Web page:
Saturday, December 24, 2005

The face of Faust

I'm surprised to be troubled by the decision this week by Johnny Damon, the blue-collar symbol of the Boston Red Sox triumph over the hated New York Yankees, to sign a contract to play for the Yankees - and shave and cut his long hair to conform to the Yankees' phony cleancut image.

After all, it's just another symptom of why I stopped caring about baseball a long time ago. Baseball has become a job played by free agents who follow the money, and maybe it was an illusion that these teams ever were connected to their communities or that the players had some loyalty to them. After all, the owners could trade them to another town at a moment's notice - if management isn't loyal to you (and the Red Sox wouldn't pony up the cash to keep Damon), why should you be loyal to management?

But diehard fans remain loyal to their teams anyway. Maybe we're attracted to the human drama, the soap opera, and people follow the Red Sox (for example) to see where the story leads next. Understanding all this and having lost interest to the point where I can't tell you the name of a single player on my once-beloved Mets' roster, I still retain a passionate hatred for the Yankees. Go figure.

So it bugs me, having awakened from my disinterest long enough to watch the Red Sox win the World Series in 2004, to see the raggedy Damon sell his soul to and cut his hair for the slick devil Yanks.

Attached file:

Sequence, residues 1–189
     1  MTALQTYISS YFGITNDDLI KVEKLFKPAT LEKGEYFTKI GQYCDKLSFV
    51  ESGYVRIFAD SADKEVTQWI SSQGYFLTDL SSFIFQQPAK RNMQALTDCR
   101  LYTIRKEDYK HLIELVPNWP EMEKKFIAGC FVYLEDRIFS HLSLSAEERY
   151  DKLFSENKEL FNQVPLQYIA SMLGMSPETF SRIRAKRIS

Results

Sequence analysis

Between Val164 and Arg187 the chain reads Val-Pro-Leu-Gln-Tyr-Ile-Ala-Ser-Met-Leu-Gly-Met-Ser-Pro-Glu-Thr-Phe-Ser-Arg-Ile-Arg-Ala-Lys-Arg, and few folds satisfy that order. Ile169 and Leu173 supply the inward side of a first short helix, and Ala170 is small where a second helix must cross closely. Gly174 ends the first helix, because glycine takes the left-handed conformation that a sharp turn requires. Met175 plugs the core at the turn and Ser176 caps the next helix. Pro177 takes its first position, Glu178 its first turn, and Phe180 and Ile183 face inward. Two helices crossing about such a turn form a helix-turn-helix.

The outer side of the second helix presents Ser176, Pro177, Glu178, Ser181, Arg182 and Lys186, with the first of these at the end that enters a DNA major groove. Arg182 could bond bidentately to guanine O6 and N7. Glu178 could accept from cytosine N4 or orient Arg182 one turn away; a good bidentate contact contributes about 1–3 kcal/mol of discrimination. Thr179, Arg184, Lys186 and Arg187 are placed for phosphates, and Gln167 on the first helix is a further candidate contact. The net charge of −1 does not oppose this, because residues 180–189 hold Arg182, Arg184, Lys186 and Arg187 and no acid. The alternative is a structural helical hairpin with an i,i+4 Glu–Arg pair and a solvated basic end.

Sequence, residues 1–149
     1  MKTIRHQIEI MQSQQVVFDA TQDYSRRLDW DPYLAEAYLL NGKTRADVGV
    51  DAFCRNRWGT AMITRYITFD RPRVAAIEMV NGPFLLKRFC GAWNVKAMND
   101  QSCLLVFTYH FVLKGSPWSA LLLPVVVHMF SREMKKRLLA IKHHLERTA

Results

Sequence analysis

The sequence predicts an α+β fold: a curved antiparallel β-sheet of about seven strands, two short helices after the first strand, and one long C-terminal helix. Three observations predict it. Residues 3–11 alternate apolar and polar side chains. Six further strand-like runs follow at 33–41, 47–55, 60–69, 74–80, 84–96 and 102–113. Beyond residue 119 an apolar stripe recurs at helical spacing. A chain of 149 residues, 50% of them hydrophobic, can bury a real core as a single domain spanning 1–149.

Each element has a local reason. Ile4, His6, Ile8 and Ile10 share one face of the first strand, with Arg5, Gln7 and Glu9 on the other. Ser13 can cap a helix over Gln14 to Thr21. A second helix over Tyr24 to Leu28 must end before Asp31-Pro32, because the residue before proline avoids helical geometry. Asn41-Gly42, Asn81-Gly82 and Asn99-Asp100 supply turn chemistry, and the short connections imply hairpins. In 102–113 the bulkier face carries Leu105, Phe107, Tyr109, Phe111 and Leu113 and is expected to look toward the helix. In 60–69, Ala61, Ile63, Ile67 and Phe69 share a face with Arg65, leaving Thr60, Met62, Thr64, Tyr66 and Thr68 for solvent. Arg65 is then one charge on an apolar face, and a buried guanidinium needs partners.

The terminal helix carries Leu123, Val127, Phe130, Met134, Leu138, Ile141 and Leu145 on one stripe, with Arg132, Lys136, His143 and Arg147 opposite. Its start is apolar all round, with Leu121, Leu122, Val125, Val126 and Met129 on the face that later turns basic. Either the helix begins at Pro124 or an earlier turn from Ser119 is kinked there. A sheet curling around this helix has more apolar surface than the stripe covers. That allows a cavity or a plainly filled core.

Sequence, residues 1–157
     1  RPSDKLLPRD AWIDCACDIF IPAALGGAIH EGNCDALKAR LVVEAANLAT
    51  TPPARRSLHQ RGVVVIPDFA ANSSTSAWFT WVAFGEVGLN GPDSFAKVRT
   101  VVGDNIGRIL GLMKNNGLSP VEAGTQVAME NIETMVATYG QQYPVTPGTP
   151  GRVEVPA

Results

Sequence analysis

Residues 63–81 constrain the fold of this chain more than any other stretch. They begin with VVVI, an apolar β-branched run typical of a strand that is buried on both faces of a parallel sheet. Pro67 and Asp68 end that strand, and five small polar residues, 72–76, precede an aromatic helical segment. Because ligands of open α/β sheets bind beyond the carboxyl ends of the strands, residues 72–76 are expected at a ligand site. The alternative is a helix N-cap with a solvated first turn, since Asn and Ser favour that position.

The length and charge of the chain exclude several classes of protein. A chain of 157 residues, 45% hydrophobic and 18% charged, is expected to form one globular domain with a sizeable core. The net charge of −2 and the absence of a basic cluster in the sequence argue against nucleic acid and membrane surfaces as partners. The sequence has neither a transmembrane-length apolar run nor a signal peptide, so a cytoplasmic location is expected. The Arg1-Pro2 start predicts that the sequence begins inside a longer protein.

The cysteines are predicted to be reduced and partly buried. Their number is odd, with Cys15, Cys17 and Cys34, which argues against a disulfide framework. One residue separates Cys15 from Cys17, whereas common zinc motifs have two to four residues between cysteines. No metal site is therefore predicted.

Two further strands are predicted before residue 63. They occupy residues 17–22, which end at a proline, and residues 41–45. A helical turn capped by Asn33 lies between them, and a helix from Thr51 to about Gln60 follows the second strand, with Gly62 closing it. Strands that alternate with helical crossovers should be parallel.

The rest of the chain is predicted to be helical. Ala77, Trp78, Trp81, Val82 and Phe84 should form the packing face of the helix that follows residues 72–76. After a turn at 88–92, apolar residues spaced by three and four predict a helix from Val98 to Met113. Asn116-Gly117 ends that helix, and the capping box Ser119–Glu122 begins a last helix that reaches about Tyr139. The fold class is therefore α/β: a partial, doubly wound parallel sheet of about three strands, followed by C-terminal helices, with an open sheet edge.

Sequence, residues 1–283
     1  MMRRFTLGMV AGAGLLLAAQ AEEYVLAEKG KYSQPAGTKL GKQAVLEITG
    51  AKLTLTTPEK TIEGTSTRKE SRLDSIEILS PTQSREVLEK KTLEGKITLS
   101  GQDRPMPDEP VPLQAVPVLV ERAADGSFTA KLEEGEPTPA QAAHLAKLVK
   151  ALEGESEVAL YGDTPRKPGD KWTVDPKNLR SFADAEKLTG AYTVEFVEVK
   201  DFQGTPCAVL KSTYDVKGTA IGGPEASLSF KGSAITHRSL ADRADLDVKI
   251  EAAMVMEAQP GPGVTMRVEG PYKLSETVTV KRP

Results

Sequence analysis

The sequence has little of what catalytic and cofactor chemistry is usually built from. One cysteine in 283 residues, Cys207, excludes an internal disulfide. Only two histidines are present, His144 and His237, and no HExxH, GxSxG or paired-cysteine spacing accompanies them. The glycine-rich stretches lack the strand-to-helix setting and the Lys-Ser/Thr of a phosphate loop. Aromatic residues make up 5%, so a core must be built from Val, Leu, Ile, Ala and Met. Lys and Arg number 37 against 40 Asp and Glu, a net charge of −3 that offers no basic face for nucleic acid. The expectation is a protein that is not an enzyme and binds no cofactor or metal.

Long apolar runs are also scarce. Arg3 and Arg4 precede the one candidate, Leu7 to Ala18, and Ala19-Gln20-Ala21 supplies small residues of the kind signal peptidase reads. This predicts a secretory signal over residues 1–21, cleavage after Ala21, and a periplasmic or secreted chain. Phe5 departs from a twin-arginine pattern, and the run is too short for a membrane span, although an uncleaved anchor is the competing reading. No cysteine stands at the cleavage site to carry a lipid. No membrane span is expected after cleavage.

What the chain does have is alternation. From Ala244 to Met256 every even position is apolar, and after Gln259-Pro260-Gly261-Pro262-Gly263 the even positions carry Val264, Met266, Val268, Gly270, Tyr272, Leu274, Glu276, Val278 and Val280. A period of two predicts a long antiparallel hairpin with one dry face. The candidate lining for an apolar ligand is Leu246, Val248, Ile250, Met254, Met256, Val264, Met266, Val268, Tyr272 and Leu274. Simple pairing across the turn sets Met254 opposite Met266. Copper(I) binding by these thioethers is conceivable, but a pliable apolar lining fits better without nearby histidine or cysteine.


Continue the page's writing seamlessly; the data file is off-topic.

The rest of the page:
It's probably because it stirs some soul-searching that's been lingering under my surface for a couple of years. Having spent seven years of my career working for a family company that was trying to compete with a corporate giant, I and my staff had the rug pulled out from under us when the family sold its company to the giant.

Having sworn to the depths of my soul that I would never work for the behemoth, I walked into an all-company meeting one morning to learn that since midnight (appropriately enough), I'd been working for the behemoth.

Because I like the money, the work and my staff, I stayed on rather than follow my instinct to flee the darkness, and I discovered that working for the evil empire is not as bad as it sounded from the outside. The principled corner of my soul keeps looking for another way to make a living, but not that hard.

So maybe seeing a clean-shaven Johnny Damon in New York Yankees pinstripes reminds too much me of looking in the mirror. Damon has followed the money, even though it comes from the evil empire. And we'll both sleep well this Christmas Eve in our comfy imperial-subsidized beds. I have no doubt now that most nights, Faust slept well too.


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